Pilots working for the group of airlines responsible for making Amazon Air deliveries aren’t happy, a recent union survey found.
And a lot of them are considering leaving the airlines that Amazon Air relies on, according to a recent survey from the Teamsters Local 1224 union of the Airline Professionals Association.
The survey, which wrapped up on Monday and featured responses from more than 1,200 pilots, found that 60% said they plan to leave their current airline. The survey was sent out to all 2,170 crew members at Atlas Air, Southern Air, and ABX Air, via email.
These pilots don’t work for Amazon directly.
Amazon Air is a brand that operates through cargo airline subsidiaries of Atlas Air Worldwide and the Air Transport Services Group, including Atlas Air and ABX Air.
As part of the arrangement between these companies and the tech giant, pilots from these airlines operate Amazon Air’s branded aircraft in order to make deliveries. Those airlines also cater to DHL, a division of the German logistics company Deutsche Post DHL. Southern Air, which is a subsidiary of Atlas Air Worldwide, flies exclusively for DHL.
Switching airlines can set back a pilot’s career
This isn’t the first rumble from the pilots, though. There have been a number of strikes and protests. But the fact that so many pilots are considering quitting is still striking, according to Captain Robert Kirchner, Atlas pilot and executive council chairman of Teamsters Local 1224.
That’s because the airline industry operates on a seniority-based system, he said.
“When a captain leaves here after 10 or 15 years, he or she is leaving 15 years behind,” Kirchner told Business Insider. “They have to start all over again at the carrier they go to.”
Kirchner said even though a captain “may be the most experienced person at the airline,” they must start from the bottom when they join a new carrier. Moving around can therefore be detrimental to a pilot’s career.
Kirchner said quitting an airline could amount to a “big sacrifice” and that he’s seen captains with 18 years of experience walk away from Atlas.
“If you’re a doctor or a business person, then you can go to another company and get your current job or higher,” he said. “In the airline industry, you can’t do that. There’s less pay, you don’t get the schedules you want, you don’t get the vacation you want, until you start getting higher up.”
Pilots are feeling ‘disenfranchised’
Kirchner said Atlas’ partnership with Amazon brought about an expansion that the airline couldn’t keep up with. Amazon, which owns a 20% stake in Atlas and is one of its most important clients, could fix the problem by telling the airline to up its standards, according to Kirchner.
A spokesperson for Amazon Air told Business Insider that questions about the working environment at Atlas Air, Southern Air, and ABX Air could be directed to the airlines themselves, and said the company was pleased with the carriers’ performance and ability to scale.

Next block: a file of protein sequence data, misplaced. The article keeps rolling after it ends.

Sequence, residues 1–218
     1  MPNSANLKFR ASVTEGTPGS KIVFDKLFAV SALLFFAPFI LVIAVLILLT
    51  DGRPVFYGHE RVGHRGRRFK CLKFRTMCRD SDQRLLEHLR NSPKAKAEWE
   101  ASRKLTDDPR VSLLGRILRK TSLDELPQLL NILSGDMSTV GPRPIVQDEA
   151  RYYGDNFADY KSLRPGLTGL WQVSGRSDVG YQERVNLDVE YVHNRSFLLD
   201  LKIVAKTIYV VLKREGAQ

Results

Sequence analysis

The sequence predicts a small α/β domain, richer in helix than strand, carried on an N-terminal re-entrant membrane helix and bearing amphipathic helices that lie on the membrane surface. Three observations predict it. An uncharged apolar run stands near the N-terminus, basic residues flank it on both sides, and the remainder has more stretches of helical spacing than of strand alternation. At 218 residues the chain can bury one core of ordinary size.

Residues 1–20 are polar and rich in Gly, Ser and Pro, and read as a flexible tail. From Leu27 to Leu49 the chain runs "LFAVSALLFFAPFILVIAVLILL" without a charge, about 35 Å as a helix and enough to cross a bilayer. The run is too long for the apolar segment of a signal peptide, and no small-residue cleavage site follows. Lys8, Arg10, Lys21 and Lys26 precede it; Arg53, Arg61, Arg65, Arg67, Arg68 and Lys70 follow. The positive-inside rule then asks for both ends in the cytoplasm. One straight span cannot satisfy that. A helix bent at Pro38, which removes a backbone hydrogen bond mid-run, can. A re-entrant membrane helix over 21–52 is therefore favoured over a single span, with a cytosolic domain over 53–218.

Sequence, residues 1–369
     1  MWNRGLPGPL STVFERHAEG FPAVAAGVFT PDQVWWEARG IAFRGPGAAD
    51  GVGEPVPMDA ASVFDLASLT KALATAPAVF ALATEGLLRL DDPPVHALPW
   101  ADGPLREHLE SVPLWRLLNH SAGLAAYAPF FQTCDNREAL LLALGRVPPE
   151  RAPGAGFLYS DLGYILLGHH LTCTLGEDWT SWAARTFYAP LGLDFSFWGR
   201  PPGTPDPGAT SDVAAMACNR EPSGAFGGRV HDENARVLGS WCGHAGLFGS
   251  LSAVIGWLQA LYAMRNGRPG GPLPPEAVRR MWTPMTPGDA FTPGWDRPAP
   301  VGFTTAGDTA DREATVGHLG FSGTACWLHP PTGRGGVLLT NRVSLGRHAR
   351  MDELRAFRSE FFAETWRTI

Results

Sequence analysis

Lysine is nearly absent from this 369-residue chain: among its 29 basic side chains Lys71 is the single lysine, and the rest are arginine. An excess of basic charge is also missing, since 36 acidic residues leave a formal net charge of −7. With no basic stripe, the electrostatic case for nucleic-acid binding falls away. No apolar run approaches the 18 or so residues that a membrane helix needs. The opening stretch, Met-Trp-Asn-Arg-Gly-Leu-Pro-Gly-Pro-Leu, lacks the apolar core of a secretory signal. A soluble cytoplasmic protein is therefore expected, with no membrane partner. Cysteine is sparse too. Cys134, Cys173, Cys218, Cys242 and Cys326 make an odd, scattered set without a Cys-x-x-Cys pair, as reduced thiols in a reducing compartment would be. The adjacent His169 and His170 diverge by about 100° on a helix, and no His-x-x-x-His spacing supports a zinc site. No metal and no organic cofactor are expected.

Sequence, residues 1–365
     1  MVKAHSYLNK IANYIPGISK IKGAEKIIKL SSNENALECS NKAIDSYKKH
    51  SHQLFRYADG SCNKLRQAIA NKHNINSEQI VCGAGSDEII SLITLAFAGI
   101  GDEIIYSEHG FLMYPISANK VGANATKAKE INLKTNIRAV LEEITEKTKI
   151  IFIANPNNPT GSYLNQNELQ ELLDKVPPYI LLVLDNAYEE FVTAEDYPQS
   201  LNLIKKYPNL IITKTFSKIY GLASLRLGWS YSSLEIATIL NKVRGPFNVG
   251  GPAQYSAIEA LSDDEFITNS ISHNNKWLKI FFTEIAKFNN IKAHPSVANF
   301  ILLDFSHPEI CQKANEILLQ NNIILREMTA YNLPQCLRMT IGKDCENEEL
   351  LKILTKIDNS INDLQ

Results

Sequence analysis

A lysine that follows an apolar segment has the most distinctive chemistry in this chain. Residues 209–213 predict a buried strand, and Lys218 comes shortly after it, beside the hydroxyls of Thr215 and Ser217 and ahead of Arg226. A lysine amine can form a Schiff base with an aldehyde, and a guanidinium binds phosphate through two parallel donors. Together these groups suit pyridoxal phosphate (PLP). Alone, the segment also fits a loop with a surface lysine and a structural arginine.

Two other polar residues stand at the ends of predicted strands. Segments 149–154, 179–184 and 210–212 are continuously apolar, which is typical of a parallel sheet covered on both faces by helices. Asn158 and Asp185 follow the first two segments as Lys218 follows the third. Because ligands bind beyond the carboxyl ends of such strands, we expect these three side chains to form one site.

But Kirchner described an atmosphere of frustration and apathy among pilots.
“A lot of the pilots coming in here, because of that, feel disenfranchised and aren’t committed to the business or to the company,” Kirchner told Business Insider. “They say, ‘I’m only going to stay for a couple of years until I get my qualifications up. And then I’m going on to FedEx, UPS, United.'”
He said Atlas currently has a “tremendous turnover rate” because the airline offers salaries and benefits that pilots say are beneath the industry standard. He said that 72% of Atlas pilots have been with the carrier for less than five years.
When asked in the survey if they felt that morale was high among their fellow pilots, 86% of ABX pilots, 76% of Atlas pilots, and 51% of Southern pilots said they “strongly disagreed.”
“I’ve had crew members on my flights, and they’ll just come out and tell me that they really don’t care,” Kirchner said. “‘I don’t care about this company. I don’t care if it survives. I don’t care if Amazon’s packages get to where they’re supposed to go. I just don’t care.’ And that’s a sad situation.”
A spokesperson at Atlas Air Worldwide said the company valued its pilots’ right to express their opinions.
“The commentary from the pilot union, however, is part of an overall campaign to put public pressure on the company with respect to our next labor contract,” the spokesperson said. “The union’s campaign has included the dissemination of false and/or misleading statements.”
A spokesperson for the Air Transport Services Group said that the company appreciated its employees’ professionalism and dedication.
“ATSG’s airlines are currently at their target staffing levels, employing flight crews for all of the aircraft for which they are committed under commercial arrangements with their respective customers,” the spokesperson said.
Pilots worry about their airlines’ ability to recruit and retain talent
The survey also found that 80% of the pilots strongly disagreed when asked if they were happy with their pay and benefits, while 91% said they felt their airline’s pay and benefits didn’t meet industry standards.
Kirchner said about 100 pilots quit Atlas in 2015. That number jumped to 198 in 2017. This year, Kirchner estimated that the number would approach 300.
“They tried to hire 379 pilots in 2018,” he said. “They only got 285 to show up to class, which is unheard-of in the industry.”
At ABX, Atlas, and Southern, 81% to 87% of pilots reported that they strongly agreed that they were worried about their carrier “being able to recruit and retain experienced pilots.”
In the survey, 65% of respondents said they’d been asked to fly on their off-days in the past year. And Kirchner said Atlas pilots receive fewer vacations than pilots at their competitors when they begin working for the company.
“We’ve never seen this much flying on days off at the airline, which is further proof of how short they are in the pilot ranks,” Kirchner said.